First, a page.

The Lynnwood City Council at its last scheduled meeting of 2022 approved the city’s 2023-24 biennial budget as well as the 2023 salary schedule, both with amendments.
Council President George Hurst moved to make two amendments to the city’s 2023-24 budget, both of which passed unanimously. His first amendment added multiple additional expenses, including: an ADA Title Two and Six Consultant totaling $120,000; a Community Justice Center (CJC) courtroom IT equipment expansion packet of $132,000; cybersecurity service for $150,000; and four new master custody officer positions for the CJC for $792,500. These services totaled a budget increase of $1,194,500.
Hurst’s second amendment was to transfer $2 million from the city’s Transportation Benefit District fund to the Transportation Capital Fund to continue the upkeep of the city’s roadways.
The motion to approve the city’s 2023-24 budget passed 6-1, with Councilmember Jim Smith voting no.
The council also passed the city’s 2023 salary schedule after making a few amendments.
Hurst moved to retain the position of assistant city administrator rather than changing it to city administrator, as had been proposed. Hurst said that technically, the mayor is the city’s administrator, and changing the job title would make city matters more confusing for some.
Hurst’s amendment passed unanimously.
The council president also moved to amend percentages for some city staff raises. While the salary schedule originally had an 8.5% increase for all city positions, Hurst moved to amend that percentage to 8% for all positions except Grades 626 and 627, which are deputy director and director jobs. Instead, Hurst said those two positions should only receive 4% increases, stating this would meet the city’s goal of offering more equitable salaries across the board.
After some discussion, the amendment passed 5-2, with Councilmembers Shannon Sessions and Josh Binda voting no.
Councilmember Smith also moved to amend the salary schedule, stating the job position of Neighborhood and Community Affairs should be eliminated since the position had not been filled in years and the city did not have plans to hire anyone for it in the foreseeable future.
Smith’s amendment passed 5-2, with Councilmembers Sessions and Julieta Altamirano-Crosby voting no.
Before voting on the amended salary schedule, some councilmembers made comments on their dissatisfaction with how hastily the schedule was brought before the council.
Altamirano-Crosby said it was sad that city staff did not offer councilmembers this information until what seemed like the last minute and said she hopes the council will get more time next year to evaluate the schedule.
Hurst also voiced his disapproval of how quickly councilmembers were asked to vote on the matter. He said he was hopeful that next year the council can spend more time reevaluating the entire salary schedule and potentially working to restructure it to better focus on creating equitable salaries for every level of city staff.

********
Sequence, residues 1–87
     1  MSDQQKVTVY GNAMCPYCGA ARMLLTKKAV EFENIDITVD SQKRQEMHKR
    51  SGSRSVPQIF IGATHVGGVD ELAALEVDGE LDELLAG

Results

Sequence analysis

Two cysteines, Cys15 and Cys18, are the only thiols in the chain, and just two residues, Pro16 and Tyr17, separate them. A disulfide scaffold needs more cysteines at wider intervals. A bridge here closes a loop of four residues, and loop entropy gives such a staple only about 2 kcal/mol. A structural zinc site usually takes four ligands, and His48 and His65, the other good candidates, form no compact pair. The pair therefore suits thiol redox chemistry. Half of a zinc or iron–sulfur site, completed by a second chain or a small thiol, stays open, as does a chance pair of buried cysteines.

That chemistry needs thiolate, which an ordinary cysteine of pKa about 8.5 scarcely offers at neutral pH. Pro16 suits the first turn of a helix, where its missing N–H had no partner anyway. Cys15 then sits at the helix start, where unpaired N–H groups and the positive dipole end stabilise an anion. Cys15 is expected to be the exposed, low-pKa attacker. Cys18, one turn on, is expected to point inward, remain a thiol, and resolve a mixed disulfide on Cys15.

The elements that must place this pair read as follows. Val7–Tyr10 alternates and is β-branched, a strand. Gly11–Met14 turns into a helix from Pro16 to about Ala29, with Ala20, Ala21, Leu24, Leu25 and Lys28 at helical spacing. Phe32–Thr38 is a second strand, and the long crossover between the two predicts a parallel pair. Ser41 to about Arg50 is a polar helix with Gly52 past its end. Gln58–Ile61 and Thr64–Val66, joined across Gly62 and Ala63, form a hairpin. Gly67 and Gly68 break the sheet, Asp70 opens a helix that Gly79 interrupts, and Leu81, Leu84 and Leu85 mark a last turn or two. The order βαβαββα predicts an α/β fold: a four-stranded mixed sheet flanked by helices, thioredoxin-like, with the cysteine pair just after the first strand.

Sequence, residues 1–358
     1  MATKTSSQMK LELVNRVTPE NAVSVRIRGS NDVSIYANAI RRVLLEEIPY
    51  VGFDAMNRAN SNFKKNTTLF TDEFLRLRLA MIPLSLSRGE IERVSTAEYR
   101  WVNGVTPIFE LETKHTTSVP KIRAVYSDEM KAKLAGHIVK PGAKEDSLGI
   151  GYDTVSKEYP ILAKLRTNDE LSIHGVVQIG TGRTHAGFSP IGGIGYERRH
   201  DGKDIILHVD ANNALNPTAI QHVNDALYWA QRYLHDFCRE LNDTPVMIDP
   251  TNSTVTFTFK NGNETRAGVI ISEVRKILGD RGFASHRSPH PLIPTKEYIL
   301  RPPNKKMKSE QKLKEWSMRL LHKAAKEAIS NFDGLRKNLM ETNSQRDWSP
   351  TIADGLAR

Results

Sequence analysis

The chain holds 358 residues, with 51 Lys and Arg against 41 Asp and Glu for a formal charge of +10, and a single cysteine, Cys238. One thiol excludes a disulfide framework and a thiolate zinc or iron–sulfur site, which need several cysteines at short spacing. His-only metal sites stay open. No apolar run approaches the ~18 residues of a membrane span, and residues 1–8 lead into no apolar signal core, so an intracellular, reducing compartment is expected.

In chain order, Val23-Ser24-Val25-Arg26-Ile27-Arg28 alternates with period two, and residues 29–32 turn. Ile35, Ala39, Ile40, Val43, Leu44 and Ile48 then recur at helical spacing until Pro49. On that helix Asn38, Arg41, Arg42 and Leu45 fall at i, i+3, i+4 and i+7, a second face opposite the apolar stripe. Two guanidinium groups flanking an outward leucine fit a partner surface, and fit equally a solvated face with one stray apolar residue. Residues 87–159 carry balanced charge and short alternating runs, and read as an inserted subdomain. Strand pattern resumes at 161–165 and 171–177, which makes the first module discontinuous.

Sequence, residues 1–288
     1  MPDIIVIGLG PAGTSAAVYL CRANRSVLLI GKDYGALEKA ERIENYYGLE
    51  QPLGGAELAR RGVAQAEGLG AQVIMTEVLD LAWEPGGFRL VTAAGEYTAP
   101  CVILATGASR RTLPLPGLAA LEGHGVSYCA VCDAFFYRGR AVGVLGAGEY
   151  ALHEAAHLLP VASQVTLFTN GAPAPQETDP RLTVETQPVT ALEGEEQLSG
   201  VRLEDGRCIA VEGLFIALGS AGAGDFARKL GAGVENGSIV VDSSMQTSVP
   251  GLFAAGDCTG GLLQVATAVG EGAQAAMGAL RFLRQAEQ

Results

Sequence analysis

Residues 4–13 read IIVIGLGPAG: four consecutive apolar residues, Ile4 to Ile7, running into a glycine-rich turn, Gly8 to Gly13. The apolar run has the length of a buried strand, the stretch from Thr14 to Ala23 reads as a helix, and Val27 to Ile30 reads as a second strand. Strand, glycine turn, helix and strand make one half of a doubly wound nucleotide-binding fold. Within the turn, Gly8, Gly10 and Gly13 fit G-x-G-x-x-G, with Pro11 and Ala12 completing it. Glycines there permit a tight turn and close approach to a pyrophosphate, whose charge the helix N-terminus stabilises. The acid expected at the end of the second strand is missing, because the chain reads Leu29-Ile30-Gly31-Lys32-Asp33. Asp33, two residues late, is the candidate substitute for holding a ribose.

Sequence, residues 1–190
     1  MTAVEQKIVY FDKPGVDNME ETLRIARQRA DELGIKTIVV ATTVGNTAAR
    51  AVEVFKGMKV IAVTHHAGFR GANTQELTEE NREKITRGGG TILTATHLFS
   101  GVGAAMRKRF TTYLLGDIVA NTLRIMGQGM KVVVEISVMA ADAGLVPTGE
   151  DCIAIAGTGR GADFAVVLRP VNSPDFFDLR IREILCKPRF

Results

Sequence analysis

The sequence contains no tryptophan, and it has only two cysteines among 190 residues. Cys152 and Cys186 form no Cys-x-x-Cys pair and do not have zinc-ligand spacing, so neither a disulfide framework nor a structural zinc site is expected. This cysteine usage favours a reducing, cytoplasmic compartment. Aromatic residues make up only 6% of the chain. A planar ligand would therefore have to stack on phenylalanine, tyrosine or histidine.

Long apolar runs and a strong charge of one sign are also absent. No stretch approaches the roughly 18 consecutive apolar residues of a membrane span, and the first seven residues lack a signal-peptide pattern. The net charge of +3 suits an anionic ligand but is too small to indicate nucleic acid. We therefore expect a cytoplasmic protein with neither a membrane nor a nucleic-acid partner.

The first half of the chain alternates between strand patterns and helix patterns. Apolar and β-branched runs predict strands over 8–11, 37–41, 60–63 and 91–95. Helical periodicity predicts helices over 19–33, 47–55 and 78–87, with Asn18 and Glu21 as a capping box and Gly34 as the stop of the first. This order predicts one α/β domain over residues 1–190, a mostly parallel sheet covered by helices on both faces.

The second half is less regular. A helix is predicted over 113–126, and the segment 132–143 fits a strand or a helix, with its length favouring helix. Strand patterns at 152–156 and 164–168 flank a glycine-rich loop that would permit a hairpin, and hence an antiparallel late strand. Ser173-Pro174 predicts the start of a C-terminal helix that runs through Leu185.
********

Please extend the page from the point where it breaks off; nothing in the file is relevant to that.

The amended salary schedule was passed unanimously.
The council also unanimously passed the city’s final 2021-22 budget amendments. According to Lynnwood Finance Director Michelle Meyer, only one change was made to the amended budget since it was last shown to the council.
Due to the recent snowstorm, Meyer said the city used more resources than expected. Because of this, staff added an amendment to increase the city’s street fund by $50,000 in case another winter storm hits the city before the end of the fiscal year.
The council also unanimously approved an ordinance for the city’s organics procurement, the 2023 city council calendar and two American Rescue Plan Act (ARPA) subrecipient contracts.
In other business, the council received a 2021 audit exit conference from Haji Adams and June Li, who work in the Washington State Auditor’s Office.
Both a financial statement and accountability audit were conducted. According to Li, both audits found no deficiencies or areas of noncompliance and concluded that the City of Lynnwood was in line with all applicable laws for the year of 2021.
“There were some uncorrected errors, and these errors are included in your exit packet,” Li said. “But these items are not material and they do not affect your financial statements.”
Adams said no cost adjustments needed to be made from the original audit estimate and the city should expect to begin the 2022 audit process in the spring of 2023. Both a financial statement and accountability audit will be made again in compliance with state laws.
The full audit report will be made available on the Washington State Auditor’s website next week.
In addition, the council also received a brief Lynnwood Police Department presentation and handed out the department’s annual awards.
“I am very proud of the work we have done collectively over this past year to bring service to our community,” Lynnwood Police Chief Jim Nelson said.
The Lynnwood City Council will be taking a three-week break from its weekly meetings to enjoy the holiday season. Council meetings will resume on Monday, Jan. 9, 2023.
–By Lauren Reichenbach